Accueil > Actualités > Séminaires > Séminaire de Lina M. Barrios


Nom du conférencier : Lina M. Barrios
Son affiliation : Manchester Metropolitan University-UK
Laboratoire organisateur : LOCEAN
Date et heure : 22-02-2018 10h30
Lieu : Campus Jussieu - 4 place Jussieu - Paris 5e - Salle Fourcade (ISTEP), Tour 56-55, 4ème étage
Résumé :

Nearly forty per cent (40%) of the world population live and depend on coastal ecosystems for their economic prosperity. In the tropics, coral reefs, sea grass meadows and mangroves offer essential ecological (protection, habitat, diversity,
air and water quality), economic (fisheries, coastal protection, tourism), social (recreation) and cultural (heritage, identity) services that are essential for the development   and   wellbeing   of   local   and   foreign inhabitants.   Only   in   the
Caribbean   Sea,   the   tourism   industry   in   coral   reef environments  represents around $8.9US billion/year and employs around 350K people. Indeed, without coral reefs many of the coastal cities around the world would have disappear due
to hurricanes or coastal erosion. However, scientific studies show that marine environments, and in particular coral reefs, have suffered severe transformations in   structure   and   function   since   1980’s.   Most   of   the ecological   (and   some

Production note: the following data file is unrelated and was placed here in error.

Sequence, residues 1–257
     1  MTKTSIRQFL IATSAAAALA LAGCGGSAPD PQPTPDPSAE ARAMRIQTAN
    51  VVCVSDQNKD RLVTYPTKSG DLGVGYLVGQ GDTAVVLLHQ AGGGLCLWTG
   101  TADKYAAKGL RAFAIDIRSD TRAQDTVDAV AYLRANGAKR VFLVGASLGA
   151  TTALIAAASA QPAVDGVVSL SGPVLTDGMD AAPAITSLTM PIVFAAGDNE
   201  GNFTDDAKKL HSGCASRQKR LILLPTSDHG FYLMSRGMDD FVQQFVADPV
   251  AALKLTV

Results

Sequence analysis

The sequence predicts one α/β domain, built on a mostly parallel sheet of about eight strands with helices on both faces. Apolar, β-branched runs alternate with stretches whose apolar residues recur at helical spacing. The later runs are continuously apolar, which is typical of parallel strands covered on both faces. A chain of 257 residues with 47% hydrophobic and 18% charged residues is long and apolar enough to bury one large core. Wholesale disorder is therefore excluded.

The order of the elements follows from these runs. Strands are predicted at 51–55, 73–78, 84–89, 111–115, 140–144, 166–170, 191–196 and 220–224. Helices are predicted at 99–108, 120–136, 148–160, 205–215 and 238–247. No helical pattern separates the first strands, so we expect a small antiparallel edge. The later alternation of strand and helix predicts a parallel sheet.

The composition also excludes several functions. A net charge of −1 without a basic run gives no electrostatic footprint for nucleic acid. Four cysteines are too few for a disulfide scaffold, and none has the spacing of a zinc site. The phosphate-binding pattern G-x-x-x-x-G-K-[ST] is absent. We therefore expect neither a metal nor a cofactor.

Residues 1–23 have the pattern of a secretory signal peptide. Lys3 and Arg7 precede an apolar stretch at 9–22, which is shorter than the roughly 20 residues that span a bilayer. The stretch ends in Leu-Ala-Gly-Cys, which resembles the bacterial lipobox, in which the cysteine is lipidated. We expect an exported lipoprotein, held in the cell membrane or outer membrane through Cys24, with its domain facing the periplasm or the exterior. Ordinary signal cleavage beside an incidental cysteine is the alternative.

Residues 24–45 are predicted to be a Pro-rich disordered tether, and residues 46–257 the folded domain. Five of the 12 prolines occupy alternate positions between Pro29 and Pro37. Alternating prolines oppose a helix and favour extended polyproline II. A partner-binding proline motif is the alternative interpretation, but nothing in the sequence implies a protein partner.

geological) records show that those changes may be due to natural, anthropic, global,   regional   or   local   factors.   And   in   some   cases,  the   origin   of   their transformation is due to a combination of factors (synergic effects).

To understand the causes that generate those community shifts, and the different local, regional and latitudinal responses to stressors has been the basic of my research. I will present results from expeditions done in Vietnam, Panama (Pacific and Caribbean), Colombia, Italy and UK, as well as experiments in laboratory with organisms from the Caribbean Sea, Mediterranean Sea, Indo- Pacific and Tropical Eastern Pacific.

I will show how different and complementary approaches to my questions (taxonomy, population ecology, community ecology, in-situ experiments, ex-situ experiments,   GIS   tools,   genetic   tools,   inter-institutional participation,   socio-economic approaches, national vs international efforts, etc) may support the basis to understand and estimate community shits in tropical coral reefs, and how those responses may help us to identify mitigation measures to preserve marine biological diversity and support local government strategies for social adaptation to environmental change. Some of the interesting results include modification of ecological models developed in 1970’s and 1990’s for tropical coral reefs, and the recent creation of a socio-economic model developed with local communities for Community Based Sustainable Management of marine resources.

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